The report, which covers the year to the end of March, says that retail revenue increased from £9.9m to £10.9m, but costs increased from £10.3m to £11.0m, meaning the division recorded a £169,000 loss.
The charity’s retail division made a loss of £389,000 in the previous year.
The charity’s annual report says the poor performance was down to a significant number of shop openings in the previous year, difficult trading conditions and shortages of stock supply.
The results show sales of new goods incurred a loss of £660,000, with donated goods and mail order sales making a profit.
Chris Coe, director of Shelter’s trading arm, said in a statement that the charity was carrying out a review of the retail operation to develop the best-performing locations, promote the use of Gift Aid and identify unprofitable locations.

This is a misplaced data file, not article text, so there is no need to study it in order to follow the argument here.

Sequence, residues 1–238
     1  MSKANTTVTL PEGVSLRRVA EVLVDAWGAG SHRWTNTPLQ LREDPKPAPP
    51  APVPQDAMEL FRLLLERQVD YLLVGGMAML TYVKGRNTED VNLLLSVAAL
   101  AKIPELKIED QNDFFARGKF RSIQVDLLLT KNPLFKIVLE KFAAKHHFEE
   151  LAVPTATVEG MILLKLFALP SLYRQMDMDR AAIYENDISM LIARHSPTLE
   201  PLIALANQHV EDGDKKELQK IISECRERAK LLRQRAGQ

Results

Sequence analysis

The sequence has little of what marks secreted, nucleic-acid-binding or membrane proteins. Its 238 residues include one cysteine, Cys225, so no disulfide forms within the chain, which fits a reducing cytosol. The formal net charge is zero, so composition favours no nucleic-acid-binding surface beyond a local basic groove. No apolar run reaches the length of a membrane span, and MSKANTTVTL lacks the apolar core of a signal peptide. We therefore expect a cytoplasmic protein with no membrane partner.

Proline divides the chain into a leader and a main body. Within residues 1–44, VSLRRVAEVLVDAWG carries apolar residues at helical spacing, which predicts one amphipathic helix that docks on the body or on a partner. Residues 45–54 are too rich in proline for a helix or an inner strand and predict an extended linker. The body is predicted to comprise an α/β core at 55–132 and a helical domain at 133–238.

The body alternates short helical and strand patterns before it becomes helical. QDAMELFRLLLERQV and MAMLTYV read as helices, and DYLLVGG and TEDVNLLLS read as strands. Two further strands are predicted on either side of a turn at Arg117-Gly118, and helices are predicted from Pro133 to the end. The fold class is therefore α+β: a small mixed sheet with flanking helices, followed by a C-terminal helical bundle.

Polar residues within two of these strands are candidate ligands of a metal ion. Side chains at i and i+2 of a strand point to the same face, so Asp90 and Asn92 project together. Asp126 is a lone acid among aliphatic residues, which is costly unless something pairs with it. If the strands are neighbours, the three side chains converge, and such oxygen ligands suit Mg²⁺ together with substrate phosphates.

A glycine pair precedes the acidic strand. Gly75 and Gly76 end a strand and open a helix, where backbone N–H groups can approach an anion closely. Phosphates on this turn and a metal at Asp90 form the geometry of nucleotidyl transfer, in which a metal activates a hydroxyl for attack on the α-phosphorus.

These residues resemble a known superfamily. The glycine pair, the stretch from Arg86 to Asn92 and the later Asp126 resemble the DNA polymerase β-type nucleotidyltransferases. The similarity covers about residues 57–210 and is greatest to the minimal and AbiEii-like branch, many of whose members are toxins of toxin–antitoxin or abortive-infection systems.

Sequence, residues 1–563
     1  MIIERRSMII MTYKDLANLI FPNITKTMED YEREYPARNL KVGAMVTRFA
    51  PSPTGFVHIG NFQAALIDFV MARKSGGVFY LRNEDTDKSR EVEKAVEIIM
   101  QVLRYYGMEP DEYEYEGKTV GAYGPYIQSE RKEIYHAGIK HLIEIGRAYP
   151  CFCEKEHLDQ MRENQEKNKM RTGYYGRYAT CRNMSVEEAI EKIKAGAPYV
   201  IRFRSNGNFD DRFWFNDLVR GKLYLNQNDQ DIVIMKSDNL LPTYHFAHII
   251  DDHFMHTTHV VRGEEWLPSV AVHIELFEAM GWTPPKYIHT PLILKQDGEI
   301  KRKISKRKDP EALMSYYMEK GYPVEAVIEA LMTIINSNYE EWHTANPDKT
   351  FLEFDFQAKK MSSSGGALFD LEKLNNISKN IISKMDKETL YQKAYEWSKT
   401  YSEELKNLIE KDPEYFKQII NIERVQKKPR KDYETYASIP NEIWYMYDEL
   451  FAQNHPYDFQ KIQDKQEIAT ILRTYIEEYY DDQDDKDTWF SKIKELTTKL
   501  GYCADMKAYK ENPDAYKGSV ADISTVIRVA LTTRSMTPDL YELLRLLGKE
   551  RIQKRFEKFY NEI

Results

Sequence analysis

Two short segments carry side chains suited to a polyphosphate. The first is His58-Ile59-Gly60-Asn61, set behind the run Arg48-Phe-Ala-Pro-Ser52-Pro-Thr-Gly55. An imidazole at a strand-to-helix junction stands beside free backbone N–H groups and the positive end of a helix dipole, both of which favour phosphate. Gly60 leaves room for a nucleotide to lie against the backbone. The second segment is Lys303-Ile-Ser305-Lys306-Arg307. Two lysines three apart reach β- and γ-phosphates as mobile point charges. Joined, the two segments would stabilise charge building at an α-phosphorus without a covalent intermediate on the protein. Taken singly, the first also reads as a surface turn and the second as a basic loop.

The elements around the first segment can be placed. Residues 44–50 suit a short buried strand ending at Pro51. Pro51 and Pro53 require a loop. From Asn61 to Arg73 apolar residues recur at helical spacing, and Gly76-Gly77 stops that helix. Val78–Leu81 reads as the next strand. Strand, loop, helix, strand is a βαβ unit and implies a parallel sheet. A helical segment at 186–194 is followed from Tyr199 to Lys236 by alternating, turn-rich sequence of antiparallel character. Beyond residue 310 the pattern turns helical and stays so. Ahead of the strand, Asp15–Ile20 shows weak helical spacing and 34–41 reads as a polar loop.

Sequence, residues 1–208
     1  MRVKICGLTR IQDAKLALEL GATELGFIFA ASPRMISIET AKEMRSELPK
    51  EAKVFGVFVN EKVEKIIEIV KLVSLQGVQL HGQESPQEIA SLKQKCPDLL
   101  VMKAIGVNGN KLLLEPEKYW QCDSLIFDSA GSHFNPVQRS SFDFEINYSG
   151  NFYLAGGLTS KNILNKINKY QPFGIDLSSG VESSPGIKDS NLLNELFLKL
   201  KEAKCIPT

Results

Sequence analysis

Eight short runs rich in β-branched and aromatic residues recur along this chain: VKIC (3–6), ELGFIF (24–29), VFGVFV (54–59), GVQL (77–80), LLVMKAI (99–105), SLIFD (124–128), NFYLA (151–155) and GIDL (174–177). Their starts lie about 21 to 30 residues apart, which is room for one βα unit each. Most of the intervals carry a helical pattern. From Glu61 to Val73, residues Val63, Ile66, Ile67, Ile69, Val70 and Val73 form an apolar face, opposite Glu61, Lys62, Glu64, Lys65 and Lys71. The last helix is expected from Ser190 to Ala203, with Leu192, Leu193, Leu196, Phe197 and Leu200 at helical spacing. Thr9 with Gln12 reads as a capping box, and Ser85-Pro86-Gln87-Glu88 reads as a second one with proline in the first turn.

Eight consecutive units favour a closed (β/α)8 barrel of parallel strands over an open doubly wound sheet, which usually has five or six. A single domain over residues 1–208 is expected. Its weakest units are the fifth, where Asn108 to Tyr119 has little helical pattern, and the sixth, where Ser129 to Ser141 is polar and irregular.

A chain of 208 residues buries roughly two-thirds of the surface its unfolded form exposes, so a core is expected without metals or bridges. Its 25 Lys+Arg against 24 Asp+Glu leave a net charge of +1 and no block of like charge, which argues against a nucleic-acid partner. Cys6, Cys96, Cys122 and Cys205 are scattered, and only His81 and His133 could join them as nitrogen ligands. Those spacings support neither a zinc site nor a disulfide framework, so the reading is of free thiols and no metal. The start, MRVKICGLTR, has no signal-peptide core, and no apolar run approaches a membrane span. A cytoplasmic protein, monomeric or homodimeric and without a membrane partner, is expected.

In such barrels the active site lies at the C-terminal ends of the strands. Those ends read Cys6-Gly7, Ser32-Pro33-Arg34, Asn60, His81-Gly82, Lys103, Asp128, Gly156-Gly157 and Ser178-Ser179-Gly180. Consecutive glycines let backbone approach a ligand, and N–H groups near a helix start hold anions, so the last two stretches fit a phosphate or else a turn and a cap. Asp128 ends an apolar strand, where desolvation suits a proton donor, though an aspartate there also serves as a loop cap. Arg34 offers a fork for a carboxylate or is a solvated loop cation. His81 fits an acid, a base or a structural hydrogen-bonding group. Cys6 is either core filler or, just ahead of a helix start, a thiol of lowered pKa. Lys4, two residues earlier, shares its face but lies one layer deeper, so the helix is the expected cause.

"Overall, our shops are doing well," said Coe. "However, a small number of underperforming locations have had an impact on overall performance in the past year. We are also identifying measures to address those locations that are proving unprofitable, which might include closing some stores."
Shelter’s total income was £57.5m, up from £53.5m in the previous year, and expenditure was £59.8m, meaning the charity had a deficit of £2.3m on the year, down from £5.2m last year.
The charity’s overall voluntary income increased by 9 per cent year on year to reach £24.9m, with positive gains in legacies and the Street Academy, a new venture which advises charities on face-to-face fundraising, the report says.
Campbell Robb, chief executive of Shelter, was paid £128,000 during the year, the report says. The charity’s divisional directors are all paid £84,660 a year.